Question: In patients with type 2 diabetes mellitus, diabetic nephropathy, and hypertension, what effect does the angiotensin-II–receptor antagonist (ARA) irbesartan and the calcium-channel blocker amlodipine have on renal disease?
Design: Randomized (allocation concealed*), blinded (clinicians, patients, outcome assessors, and statisticians),* placebo-controlled trial with mean follow-up of 2.6 years (the Irbesartan Diabetic Nephropathy Trial [IDNT]).
Setting: 210 clinical centers worldwide.
Patients: 1715 patients between 30 and 70 years of age (mean age 59 y, 66% men) who had type 2 diabetes, hypertension, proteinuria defined as a urinary protein excretion rate ≥ 900 mg/24 hours, and serum creatinine levels between 88 and 265 µmol/L in women and between 106 and 265 µmol/L in men. Follow-up was 99%.
Intervention: Patients were allocated to irbesartan, titrated to 300 mg/d (n = 579); amlodipine, titrated to 10 mg/d (n = 567); or placebo (n = 569). Treatment targeted a systolic blood pressure ≤ 135 mm Hg and a diastolic blood pressure ≤ 85 mm Hg by using drugs other than angiotensin-converting enzyme (ACE) inhibitors, angiotensin-receptor blockers, and calcium-channel blockers, if necessary.†
Main outcome measures: The primary outcome was the composite of a doubling of the baseline serum creatinine level, onset of end-stage renal disease, or all-cause mortality. The secondary outcome was the composite of cardiovascular mortality, nonfatal myocardial infarction, heart failure resulting in hospitalization, neurologic deficit caused by a cerebrovascular event, or above-ankle lower-limb amputation.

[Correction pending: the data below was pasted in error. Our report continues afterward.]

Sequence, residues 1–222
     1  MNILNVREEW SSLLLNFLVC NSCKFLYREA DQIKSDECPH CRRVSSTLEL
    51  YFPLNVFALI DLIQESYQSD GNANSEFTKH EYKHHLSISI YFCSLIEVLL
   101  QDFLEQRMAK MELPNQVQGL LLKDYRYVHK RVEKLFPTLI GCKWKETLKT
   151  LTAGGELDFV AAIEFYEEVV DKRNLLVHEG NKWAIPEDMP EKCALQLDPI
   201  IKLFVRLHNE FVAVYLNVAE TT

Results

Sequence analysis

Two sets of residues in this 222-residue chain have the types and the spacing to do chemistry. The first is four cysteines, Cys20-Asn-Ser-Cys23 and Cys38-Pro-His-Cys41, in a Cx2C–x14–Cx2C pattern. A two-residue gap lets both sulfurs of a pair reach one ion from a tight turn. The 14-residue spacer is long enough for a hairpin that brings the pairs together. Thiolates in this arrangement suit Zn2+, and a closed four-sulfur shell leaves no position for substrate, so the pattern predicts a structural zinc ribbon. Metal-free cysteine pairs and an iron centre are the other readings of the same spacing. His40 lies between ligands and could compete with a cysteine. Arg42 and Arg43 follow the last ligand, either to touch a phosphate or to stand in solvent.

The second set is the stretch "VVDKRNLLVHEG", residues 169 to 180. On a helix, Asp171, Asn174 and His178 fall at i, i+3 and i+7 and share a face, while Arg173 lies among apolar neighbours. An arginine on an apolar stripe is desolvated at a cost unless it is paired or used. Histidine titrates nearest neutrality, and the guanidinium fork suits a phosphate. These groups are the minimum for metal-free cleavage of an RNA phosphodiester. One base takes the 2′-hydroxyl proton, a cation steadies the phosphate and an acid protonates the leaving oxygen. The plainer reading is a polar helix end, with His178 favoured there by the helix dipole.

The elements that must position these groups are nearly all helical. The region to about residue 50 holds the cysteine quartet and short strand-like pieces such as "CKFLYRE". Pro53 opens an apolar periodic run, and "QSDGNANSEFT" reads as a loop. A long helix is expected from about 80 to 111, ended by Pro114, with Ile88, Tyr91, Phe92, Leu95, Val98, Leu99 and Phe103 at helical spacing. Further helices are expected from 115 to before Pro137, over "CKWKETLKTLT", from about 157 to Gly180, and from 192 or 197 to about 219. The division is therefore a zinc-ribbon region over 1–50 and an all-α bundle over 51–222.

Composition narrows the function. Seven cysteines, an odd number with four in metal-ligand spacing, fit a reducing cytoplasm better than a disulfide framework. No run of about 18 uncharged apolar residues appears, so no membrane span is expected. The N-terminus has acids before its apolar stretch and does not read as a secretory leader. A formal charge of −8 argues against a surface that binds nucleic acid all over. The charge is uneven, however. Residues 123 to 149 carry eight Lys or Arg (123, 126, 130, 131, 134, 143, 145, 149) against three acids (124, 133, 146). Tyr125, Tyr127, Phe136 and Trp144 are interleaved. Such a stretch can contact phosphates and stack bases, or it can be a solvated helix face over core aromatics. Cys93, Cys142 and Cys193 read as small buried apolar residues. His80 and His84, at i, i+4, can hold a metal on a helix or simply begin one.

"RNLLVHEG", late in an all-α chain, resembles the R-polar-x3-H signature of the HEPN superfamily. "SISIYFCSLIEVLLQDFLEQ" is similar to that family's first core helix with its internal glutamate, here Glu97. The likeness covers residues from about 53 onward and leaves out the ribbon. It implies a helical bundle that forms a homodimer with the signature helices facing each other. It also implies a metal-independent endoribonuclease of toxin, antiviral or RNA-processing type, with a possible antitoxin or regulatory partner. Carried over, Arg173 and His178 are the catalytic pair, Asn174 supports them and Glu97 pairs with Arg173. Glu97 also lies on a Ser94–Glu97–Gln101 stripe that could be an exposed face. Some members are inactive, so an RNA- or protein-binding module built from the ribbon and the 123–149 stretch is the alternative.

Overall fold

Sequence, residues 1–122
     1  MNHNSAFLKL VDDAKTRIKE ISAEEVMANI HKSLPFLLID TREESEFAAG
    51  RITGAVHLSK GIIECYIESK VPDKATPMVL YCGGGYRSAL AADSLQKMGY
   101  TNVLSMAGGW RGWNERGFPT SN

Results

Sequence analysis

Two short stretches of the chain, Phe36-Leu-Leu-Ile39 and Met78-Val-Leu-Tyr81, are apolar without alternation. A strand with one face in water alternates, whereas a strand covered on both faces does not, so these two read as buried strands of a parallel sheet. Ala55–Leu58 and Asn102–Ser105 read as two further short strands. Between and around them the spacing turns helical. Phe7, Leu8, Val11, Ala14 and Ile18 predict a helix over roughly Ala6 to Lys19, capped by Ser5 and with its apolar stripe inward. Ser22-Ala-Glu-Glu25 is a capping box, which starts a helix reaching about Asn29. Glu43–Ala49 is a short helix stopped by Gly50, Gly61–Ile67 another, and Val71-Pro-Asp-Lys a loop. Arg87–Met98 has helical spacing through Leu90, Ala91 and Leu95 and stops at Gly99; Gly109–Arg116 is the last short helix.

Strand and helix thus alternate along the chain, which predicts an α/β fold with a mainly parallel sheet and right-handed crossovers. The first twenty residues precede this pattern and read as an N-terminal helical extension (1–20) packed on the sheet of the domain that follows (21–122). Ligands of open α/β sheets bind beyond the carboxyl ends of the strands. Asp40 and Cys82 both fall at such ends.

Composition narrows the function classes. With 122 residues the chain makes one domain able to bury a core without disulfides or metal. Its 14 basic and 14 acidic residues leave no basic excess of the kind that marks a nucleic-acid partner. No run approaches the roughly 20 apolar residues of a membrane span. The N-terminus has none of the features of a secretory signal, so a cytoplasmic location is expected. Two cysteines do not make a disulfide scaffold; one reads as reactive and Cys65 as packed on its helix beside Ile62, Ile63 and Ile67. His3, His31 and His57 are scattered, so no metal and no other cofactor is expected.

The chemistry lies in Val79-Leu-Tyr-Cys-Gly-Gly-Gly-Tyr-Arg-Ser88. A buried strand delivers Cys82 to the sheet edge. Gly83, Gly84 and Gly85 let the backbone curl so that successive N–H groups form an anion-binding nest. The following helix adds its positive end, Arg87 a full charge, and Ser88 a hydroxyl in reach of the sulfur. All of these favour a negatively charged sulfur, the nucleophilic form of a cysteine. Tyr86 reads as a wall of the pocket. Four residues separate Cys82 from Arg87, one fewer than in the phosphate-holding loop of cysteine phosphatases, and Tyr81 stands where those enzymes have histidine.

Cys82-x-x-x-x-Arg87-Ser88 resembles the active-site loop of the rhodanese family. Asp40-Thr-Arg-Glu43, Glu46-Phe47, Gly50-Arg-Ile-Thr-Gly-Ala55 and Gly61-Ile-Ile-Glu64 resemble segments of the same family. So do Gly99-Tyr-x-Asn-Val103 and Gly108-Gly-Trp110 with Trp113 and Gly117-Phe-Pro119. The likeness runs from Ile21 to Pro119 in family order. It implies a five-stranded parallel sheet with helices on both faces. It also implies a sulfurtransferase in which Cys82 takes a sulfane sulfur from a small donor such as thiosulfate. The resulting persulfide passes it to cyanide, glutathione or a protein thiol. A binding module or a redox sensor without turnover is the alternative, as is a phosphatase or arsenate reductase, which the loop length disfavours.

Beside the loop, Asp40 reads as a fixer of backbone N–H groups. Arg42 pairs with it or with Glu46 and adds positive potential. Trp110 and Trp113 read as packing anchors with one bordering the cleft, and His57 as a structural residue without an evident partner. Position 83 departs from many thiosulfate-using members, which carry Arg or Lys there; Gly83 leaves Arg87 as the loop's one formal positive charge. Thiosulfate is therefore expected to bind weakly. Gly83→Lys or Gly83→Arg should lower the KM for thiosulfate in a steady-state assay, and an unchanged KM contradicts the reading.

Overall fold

Main results: Analysis was by intention to treat. After adjusting for mean blood pressure, irbesartan lowered the risk for the primary composite outcome more than did amlodipine (P = 0.005) or placebo (P = 0.03); this outcome did not differ for amlodipine and placebo (P = 0.47) (Table). The 3 groups did not differ for the secondary composite outcome.
Conclusion: In patients with type 2 diabetes, nephropathy, and hypertension, irbesartan was more effective in reducing progression of nephropathy independent of the effect on blood pressure than was amlodipine or placebo.
Irbesartan, amlodipine, or placebo for risk for a composite outcome in diabetic nephropathy and hypertension at mean 2.6 y‡
|Comparisons||Event rates||Adjusted RRR (95% CI)||NNT (CI)|
|Irbesartan vs amlodipine||33% vs 41%||24% (8 to 37)||12 (7 to 35)|
|Irbesartan vs placebo||33% vs 39%||19% (1 to 33)||16 (8 to 121)|
|Adjusted RRI (CI)||NNH|
|Amlodipine vs placebo||41% vs 39%||7% (−11 to 29)||Not significant|